Friday, March 20

Eating well on a Budget




One creative way our family is making the grocery dollars stretch is by using inexpensive foods in creative and delicious ways. Some of our foods even come to us "nearly" free, like eggs, squash and potatoes. Those basics have been turned into quiches, home fries, gnocchi, meringue cookies, pumpkin bread, and soups among other things.



Another inexpensive meal ingredient is pasta.
Have a kitchen aid or hand roller? Make your own. Usually I buy the whole grain unorganic Barilla pasta in the stores. It costs us about $1.29 a lb. I figured out the homemade pasta, basically made with eggs and flour, costs me under $1.00 a lb and it is organic, an added plus. If using conventinal flour, it would cost just fifty cents or so a pound. Have you tasted homemade pasta? It makes store bought taste like cardboard. We make it as a family and have a lot of fun with it.

Think you can't afford a fancy pasta roller? Most craft/fabric stores sell a roller for the purpose of rolling polymer clay for about $10. This is identical to our pasta roller which, years ago, I spent much more money on. Add a 40% off coupon and you have yourself an inexpensive pasta roller. Although I know back in the day pasta was rolled with a rolling pin, I don't recommend it unless you are desirous of a serious upper arm workout....


Pasta pairs easily with any fresh veggie on sale in your grocery store. Saute your veggie with some salt and garlic, add a little olive oil and good grated cheese and - Yum! Easy, inexpensive dinner served!

Back to the gnocchi.
Gnocchi, a pasta made with potatoes, is priced at our Walmart for over $2 lb. Not about to spend $4 for just pasta for one meal for our family I pulled out a handy, reliable cookbook and found that gnocchi is made with mashed potatoes, a little flour, olive oil and either egg or milk, depending on the particular recipe.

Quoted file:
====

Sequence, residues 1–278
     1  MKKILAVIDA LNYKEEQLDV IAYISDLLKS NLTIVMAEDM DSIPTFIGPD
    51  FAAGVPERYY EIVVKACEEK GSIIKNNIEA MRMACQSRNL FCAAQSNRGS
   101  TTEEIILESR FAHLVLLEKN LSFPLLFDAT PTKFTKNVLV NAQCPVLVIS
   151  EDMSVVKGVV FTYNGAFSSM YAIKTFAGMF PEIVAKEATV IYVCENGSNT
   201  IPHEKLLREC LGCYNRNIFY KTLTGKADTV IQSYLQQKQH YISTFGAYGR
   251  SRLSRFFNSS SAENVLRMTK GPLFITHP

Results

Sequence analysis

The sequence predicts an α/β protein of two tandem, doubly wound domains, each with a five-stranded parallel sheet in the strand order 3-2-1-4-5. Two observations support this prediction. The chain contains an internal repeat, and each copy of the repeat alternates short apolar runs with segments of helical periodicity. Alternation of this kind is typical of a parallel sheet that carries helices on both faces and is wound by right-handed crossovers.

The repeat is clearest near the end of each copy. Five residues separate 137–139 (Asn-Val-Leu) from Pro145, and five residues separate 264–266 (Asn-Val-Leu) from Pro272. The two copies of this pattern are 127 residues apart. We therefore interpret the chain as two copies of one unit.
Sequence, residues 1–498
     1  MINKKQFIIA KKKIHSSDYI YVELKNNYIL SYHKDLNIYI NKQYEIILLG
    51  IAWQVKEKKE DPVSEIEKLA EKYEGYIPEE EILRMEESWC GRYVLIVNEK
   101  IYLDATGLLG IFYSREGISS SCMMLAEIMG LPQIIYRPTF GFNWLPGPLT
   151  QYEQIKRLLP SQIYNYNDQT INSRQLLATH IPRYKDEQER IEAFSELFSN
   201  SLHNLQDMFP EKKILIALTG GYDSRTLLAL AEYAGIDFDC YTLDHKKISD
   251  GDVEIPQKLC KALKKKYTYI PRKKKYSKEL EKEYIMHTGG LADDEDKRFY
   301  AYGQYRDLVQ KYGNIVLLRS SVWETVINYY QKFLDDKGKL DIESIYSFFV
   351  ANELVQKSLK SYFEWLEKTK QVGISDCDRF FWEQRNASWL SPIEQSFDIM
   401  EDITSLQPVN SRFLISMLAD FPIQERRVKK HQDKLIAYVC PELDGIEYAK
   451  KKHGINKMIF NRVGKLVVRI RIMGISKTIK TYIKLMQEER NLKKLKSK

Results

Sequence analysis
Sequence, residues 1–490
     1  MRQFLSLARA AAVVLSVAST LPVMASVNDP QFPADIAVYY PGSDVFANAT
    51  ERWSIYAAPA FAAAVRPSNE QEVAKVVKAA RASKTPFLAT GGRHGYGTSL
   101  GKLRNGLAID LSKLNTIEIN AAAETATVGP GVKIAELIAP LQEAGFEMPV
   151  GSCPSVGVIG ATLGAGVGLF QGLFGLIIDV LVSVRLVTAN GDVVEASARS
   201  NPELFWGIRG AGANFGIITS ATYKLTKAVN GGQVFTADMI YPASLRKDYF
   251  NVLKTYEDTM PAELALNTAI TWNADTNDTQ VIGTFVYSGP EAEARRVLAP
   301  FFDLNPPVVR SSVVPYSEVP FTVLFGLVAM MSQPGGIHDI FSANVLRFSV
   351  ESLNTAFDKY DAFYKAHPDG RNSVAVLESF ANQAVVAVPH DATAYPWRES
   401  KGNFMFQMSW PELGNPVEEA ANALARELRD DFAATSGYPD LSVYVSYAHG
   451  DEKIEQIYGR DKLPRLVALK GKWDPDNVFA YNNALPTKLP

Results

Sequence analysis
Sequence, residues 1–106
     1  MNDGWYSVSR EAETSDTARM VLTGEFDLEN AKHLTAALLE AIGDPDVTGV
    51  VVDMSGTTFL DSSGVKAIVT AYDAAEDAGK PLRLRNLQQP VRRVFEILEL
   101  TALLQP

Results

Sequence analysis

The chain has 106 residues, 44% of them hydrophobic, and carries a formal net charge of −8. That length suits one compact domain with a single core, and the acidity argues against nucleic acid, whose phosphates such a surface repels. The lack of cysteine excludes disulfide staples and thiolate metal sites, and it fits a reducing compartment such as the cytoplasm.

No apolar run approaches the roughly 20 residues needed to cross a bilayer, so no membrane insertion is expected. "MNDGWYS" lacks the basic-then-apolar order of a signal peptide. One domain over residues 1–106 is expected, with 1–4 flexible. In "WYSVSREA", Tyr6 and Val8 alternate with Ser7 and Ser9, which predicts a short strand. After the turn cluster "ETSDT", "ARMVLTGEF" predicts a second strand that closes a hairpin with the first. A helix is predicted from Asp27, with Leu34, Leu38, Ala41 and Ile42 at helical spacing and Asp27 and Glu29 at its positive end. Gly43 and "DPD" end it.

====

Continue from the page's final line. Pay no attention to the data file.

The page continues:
That night the seven of us lined up at the table and rolled and cut and twirled pounds of mashed potatoes into gnocchi, some for dinner, enough to freeze. Not only was the meal basically free (garden potaotes, our eggs) but we had a great time together laughing and creating as a family.



Though it can be served with traditional tomato sauce, we like gnocchi with peas, a little cream for the sauce and lemon zest. I roughly use this recipe. By now you should know I'm frugal and use milk in most recipes calling for cream. More on milk soon in another post...

4 comments:

Persuaded said...

we'll have to try that gnocchi.. it looks like great fun, and yummy too!

Zebu said...

(Hope I didn't double up on this post)

Hannah,

Many years ago, as a girl, I would watch Gramma make noodles. She would role out her dough, cut it in long strips, and then them on a clean sheet on top of the bed to dry. What beautiful memories this brings to mind.

Jen said...

I wish I could eat more pasta and potatoes...... I'm wheat and dairy intolerant. I've gotton into a bunch of studay because of my strange physiology. I had this far out (but brilliant) nutritionist tell me to stop eating wheat and dairy-- I ignored him for two years until I broke out in little blisters. I saw three docs/dermatologists and no one had an clue... Stopped eating wheat and dairy for two days and I was clear.

Turns out that I'm type O blood along with hubby, so kids are too. We are meat, fruit and veggie people. Which = expensive, even the non organic kind. We can tolerate a bit of dairy, and grains but I am especially sensitive. Bread is also #1 in packing on pounds clogging down my digestion.... anyhow i do my best to buy on sale meats, ect.... it would help if i could get a garden growing....possibly raise my own meat and eggs-- someday. We just don't know if we are staying in this area, so I am hesitant to invest all the time, etc right now.

Your pasta and gnocchi look delicious though!! Mabey a small side dish would be ok?!

mandi said...

oh hannah! thank you for this post! it is very encouraging- for a girl like me who thought pasta way too hard to attempt!